Part of our masculine programming is stoicism; we don’t often reveal resentment, shame and self judgment. We are ashamed of the ways we acted in past relationships, and we harshly judge ourselves for not achieving the goals we think we should have. We carry resentments for bad decisions, and deem ourselves as unworthy to be successful. When this shame and resentment go unnoticed over a length of time, it can wreak havoc inside of us.
Shame and resentment is probably one of the most, if not the most, uncomfortable and debilitating feelings we can carry.
One of our biggest challenges is in “recognizing” that shame, guilt and resentment are at play within us. Often, unresolved feelings that have been repressed and unprocessed can show up as unhealthy habits. Habits can show up more overtly — like abuse of drugs or alcohol — or in seemingly more covert habits, such as consistently showing up late for work, which results in an old story of being fired from every job we’ve had.
Unhealthy habits can show up in so many ways; an angry outburst that sometimes results in violence against women or children. It can show up as shutting down, saying “no” to everyone or trying to please everyone, not keeping our word, or blaming others. Being unconscious, unaware, or ignorant of habits is the single biggest challenge we face.
We must have enough courage to invite others to lovingly and gently point out our unhealthy habits or we must be willing to have radical self-honesty.
A man becomes uptight when his wife points out where he didn’t keep his word. Rather than using his awareness to notice that his shame has been activated, he goes silent, shuts down. Internally he blames her for being rude or bitchy. His habit of not speaking up for himself or sharing how he is feeling is automatic, rather than really feeling into the shame that is present.
Over long (or sometimes short) periods of time this can derail a relationship. I have seen this happen with men: a succession of relationships that all end the same way. Unhealthy habits can be very subtle, we must be committed to self-awareness and self- inquiry to support our personal evolution.
What can we do about this?
One powerful tool on our healing journey is the practice of releasing and forgiving.
Releasing shame and resentment starts with self-forgiveness. Forgiveness is an “inside job,” and what’s so cool is that we can do this without anyone knowing that it is happening.
First off, it is important to cultivate a “mood” of self-forgiveness. What I mean by this is, really feeling into the wound of the self-judgment or shame. Remember the event that caused the pain or wound, be present with whatever emotion arises, be it sad, mad or shame. Once you are in the feeling, put your hand on your heart and verbally say “I forgive myself for any harm I caused myself or others” . Repeat this, if need be do it a dozen times. Notice your body relaxing, notice an inner gentleness toward yourself. If you are not feeling a softening, take 5 long deep breaths and repeat the forgiveness.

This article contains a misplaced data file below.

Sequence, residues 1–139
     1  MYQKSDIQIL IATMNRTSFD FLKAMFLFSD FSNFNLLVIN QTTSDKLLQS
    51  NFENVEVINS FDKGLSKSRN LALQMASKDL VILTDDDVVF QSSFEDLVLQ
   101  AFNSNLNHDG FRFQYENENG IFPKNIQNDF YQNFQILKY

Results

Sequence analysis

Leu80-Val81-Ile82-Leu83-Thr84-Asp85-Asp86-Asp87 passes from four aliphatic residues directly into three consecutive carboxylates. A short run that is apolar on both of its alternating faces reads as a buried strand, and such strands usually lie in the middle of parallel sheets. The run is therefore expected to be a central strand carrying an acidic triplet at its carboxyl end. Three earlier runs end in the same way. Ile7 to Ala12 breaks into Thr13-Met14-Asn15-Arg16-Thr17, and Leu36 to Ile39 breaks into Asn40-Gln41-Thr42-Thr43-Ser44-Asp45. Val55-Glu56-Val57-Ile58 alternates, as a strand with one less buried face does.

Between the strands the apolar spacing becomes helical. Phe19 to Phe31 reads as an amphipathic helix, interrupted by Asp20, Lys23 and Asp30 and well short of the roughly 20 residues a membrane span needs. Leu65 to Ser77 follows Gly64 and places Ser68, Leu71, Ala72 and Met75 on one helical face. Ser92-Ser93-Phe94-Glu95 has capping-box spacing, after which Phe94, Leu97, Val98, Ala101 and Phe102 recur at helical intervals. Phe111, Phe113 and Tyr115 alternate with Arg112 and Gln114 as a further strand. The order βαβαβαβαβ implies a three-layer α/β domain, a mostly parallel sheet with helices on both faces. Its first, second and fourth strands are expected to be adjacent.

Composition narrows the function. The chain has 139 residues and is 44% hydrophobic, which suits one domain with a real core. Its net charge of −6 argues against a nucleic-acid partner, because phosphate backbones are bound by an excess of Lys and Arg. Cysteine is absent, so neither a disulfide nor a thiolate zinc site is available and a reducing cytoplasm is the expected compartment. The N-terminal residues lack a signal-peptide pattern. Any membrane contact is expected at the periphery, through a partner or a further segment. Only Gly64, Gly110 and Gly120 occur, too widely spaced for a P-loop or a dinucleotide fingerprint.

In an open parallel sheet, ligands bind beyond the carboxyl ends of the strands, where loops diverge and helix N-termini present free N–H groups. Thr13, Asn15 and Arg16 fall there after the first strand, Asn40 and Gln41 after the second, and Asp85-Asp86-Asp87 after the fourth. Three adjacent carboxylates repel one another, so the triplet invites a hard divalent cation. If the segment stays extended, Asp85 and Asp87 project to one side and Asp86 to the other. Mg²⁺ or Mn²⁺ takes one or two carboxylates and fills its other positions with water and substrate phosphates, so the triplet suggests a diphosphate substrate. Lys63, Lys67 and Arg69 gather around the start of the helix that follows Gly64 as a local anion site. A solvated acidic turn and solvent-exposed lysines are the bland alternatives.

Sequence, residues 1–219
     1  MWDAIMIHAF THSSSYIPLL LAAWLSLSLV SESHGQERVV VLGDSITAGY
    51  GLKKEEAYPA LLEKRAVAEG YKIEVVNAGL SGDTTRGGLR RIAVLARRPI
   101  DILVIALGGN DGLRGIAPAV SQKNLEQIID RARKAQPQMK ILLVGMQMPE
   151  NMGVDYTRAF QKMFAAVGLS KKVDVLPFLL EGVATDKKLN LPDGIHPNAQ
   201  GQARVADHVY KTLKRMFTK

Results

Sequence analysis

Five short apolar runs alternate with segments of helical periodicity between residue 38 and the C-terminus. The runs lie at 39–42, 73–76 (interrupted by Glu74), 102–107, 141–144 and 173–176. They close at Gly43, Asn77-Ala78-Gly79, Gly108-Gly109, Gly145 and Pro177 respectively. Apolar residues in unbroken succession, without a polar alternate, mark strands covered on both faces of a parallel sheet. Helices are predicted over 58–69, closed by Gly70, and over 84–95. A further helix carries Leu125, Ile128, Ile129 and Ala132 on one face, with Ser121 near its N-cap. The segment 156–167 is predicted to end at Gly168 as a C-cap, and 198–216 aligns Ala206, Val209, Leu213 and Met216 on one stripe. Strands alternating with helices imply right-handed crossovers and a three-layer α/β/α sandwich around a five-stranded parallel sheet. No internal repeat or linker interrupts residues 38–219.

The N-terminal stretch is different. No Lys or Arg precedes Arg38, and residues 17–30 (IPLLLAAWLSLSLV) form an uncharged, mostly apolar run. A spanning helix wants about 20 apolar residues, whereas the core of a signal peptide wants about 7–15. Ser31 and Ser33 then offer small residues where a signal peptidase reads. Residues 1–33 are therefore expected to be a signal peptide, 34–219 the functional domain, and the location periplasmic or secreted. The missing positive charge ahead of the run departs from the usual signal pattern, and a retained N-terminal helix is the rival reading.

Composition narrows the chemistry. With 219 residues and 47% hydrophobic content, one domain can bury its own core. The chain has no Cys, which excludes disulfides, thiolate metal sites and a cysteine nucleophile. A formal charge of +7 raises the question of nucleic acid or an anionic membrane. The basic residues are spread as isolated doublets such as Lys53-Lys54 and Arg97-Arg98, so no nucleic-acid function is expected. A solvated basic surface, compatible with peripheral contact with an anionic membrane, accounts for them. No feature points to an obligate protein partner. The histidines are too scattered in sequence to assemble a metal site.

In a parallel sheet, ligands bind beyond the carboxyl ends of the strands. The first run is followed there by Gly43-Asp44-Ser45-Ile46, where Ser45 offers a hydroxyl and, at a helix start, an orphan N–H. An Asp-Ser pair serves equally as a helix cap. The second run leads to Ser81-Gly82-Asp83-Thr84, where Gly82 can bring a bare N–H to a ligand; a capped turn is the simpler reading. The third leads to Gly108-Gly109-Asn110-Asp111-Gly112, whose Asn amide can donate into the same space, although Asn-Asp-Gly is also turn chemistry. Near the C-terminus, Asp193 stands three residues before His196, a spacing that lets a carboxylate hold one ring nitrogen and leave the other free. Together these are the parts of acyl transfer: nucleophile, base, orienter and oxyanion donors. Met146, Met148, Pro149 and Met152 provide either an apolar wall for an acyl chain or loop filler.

I have seen men work with forgiveness and not have a strong reaction at first. It can take time to sink into the subtle release of shame or guilt, to soften into self love . Remember that forgiving ourselves — or others — can take practice.
In my experience it’s not as easy as just saying out loud “I need to let this go”(as I have tried that as well, many times). Remember, it does require a deepening into the pain of the shame or guilt. Feeling the pain, remembering the thing that caused the shame or resentment. Ignoring is not the answer.
Another thing that I have experienced as effective and powerful is sharing my truth in the presence of other men. First, we must gain awareness and be able to notice what shame is present within us, then we share that with others in a safe and trusted container. There are clinical studies showing the stress reducing effects of journaling; this is in essence like a verbal journal. Getting it off of our chests.
When we consciously choose to release old stories, shame and judgment with self-forgiveness in a safe container of men, the effect is magnified.
I have seen men experience major breakthroughs and relief from this simple and profound practice. If you do not feel supported by a community of conscious men, you can do this practice on your own through writing in a journal. But, getting support from other men on the personal growth is my number one recommendation.
Releasing and forgiveness is a like a detox — an emotional detox that leaves us feeling refreshed, lighter and rejuvenated.
Lastly, for guys that think this is too strange or it feels to uncomfortable to do, I suggest you just try it anyway. If your mind is busy with inner comments like “this is silly, this can’t do anything” make a conscious choice not to believe the thought.
Releasing and self-forgiveness can bring much needed relief. When your heart softens and you forgive yourself and others it frees up a lot of energy that you can devote to your personal growth, your family, your career and success.